Replaced House Batteries

6v RV Battery

Following our trip back from Myrtle Beach, I noticed the voltage on our house battery was extremely low. The fridge even agreed with me and displayed an error to let me know.

Before our trip to the beach, I found the two 6-volt batteries I had installed were not working very well. So I replaced them with the 12-volt battery which originally came with the trailer. The 6-volt batteries were the ones in our trailer that our RV dealer left connected while they had my RV in for service over the winter. I am sure completely draining the batteries did some major damage to them.

The new battery seemed to work quite well. At least so I thought.

Upon returning from our trip, I noticed that our battery voltage was very low again. The lights in the RV would dim even when plugged into shore power. This was not good.

I called our RV dealer to find out if the new battery which came with the trailer (and I never even used until now) was still under warranty. I was not the least bit surprised when they said “NO”.

I am now shopping for new batteries. I need to make the decision on which type to go with. Here are my choices.

Single 12-volt Lead-Acid battery.

This would fit directly into my trailer. They require a small amount of maintenance keeping the water level in them topped off. They have a 90 amp hour rating. I would need only one of these batteries at a cost of $82.

Two 6-volt Lead-Acid batteries.

This would work with the battery charging system in my trailer. They require a small amount of maintenance keeping the water level in them topped off. They have a 215 amp hour rating. I would require two of these to produce 12 volts. I need to modify the battery compartment to accept two of these batteries, add an extra vent and need to do some wiring. The total cost would be $180.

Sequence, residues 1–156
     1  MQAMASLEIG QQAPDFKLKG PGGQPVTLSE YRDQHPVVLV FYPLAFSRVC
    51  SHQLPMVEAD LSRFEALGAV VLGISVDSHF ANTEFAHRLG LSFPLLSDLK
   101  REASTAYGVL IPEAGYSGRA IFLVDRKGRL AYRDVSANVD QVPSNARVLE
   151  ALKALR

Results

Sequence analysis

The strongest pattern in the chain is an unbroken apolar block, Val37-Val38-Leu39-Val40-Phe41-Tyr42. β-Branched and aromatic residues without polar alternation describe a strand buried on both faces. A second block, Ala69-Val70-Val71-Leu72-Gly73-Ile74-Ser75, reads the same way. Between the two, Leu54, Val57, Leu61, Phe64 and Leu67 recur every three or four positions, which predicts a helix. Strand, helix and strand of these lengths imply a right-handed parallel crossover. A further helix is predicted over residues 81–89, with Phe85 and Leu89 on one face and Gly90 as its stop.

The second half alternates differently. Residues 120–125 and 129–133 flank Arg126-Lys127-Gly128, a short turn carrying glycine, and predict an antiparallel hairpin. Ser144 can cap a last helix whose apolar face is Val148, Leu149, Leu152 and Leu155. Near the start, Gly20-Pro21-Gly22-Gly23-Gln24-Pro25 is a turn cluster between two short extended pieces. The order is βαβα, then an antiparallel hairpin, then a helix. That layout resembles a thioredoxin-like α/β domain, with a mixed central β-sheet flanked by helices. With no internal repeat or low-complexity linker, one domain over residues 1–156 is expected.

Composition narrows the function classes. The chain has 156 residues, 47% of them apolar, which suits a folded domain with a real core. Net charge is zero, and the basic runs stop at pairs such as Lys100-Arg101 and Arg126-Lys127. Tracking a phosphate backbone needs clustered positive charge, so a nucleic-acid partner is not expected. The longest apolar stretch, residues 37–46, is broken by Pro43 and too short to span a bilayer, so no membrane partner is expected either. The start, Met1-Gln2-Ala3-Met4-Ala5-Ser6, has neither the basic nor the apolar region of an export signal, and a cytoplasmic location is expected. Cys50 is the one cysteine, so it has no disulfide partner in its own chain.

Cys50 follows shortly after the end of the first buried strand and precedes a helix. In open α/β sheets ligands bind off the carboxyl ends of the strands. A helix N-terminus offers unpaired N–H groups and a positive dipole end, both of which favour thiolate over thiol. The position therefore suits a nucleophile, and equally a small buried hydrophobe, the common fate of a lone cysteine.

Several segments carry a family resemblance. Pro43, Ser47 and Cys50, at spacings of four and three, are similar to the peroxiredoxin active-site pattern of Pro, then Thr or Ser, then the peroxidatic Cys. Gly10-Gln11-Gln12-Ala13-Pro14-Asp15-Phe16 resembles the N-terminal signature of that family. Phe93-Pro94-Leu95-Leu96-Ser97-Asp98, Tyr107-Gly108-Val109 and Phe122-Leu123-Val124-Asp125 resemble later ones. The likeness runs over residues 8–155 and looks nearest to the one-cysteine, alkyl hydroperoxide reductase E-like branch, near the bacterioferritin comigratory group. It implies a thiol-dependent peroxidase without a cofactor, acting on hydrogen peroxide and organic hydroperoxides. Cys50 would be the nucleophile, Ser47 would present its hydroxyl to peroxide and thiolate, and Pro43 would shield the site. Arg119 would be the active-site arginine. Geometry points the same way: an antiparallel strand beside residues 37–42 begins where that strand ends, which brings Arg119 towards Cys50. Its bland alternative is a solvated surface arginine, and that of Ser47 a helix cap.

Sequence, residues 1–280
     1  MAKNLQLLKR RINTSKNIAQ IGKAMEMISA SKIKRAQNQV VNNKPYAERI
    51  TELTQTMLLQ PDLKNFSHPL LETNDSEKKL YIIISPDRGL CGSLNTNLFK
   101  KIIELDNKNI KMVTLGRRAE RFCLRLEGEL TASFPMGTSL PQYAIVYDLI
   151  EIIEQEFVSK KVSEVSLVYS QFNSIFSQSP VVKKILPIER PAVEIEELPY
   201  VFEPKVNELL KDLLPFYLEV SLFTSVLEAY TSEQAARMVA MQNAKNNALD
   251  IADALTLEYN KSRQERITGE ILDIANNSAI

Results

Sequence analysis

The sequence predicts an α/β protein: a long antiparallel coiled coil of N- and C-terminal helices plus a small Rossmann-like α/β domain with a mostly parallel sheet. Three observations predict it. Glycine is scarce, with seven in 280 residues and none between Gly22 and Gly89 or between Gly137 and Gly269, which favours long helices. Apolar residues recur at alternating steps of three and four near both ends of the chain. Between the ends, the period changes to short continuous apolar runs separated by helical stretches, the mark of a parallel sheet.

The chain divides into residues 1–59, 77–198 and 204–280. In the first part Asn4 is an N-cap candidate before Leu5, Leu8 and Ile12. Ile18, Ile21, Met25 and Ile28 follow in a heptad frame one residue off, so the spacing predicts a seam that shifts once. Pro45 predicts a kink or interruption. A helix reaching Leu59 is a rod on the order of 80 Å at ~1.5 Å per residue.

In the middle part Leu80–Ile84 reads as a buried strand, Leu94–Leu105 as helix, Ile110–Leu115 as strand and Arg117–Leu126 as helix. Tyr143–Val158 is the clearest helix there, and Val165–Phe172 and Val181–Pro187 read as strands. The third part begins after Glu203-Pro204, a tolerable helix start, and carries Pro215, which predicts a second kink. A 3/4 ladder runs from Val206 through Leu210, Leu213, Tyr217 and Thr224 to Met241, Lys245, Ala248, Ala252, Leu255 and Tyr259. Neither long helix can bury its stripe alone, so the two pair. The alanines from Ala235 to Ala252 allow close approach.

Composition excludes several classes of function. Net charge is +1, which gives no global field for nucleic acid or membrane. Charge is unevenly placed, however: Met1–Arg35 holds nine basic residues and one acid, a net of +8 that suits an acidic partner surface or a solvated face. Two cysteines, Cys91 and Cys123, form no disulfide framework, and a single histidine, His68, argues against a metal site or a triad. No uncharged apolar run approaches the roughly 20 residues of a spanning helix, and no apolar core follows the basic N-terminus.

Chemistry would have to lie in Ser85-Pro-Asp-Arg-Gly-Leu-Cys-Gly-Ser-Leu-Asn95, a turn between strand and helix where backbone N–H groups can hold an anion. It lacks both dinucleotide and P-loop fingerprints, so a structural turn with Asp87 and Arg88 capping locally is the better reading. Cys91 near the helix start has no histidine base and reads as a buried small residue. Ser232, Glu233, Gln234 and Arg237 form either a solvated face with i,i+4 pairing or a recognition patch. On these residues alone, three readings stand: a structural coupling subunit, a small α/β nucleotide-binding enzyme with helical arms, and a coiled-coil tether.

Two 6-volt AGM batteries.

They would also work with the battery charging system in my trailer. They require no maintenance. They have a 190 amp hour rating. I would require two of these to produce 12 volts. I still need to modify the battery compartment to accept two of these batteries and need to do some wiring. They would not need to be vented. The total cost would be $360.

Upgrade to a Lithium battery.

These batteries would not work with the battery charging system in my trailer. The advantages are that they require no maintenance, are a lot less weight, charge much quicker, and require no venting. Another plus is that your typical lead-acid RV battery only allows you to use around 50% of the rated capacity, whereas a lithium battery allows you to use 99%. The lifespan on lithium is 10 times that of a typical lead-acid battery. The cost of one of these batteries is $950.

I really was tempted to go with the Lithium battery but I guess I wasn’t quite ready to take the plunge. I went with the cheaper option, Two 6-volt AGM batteries. In the future, as lithium becomes more prevalent, I will definitely be upgrading.

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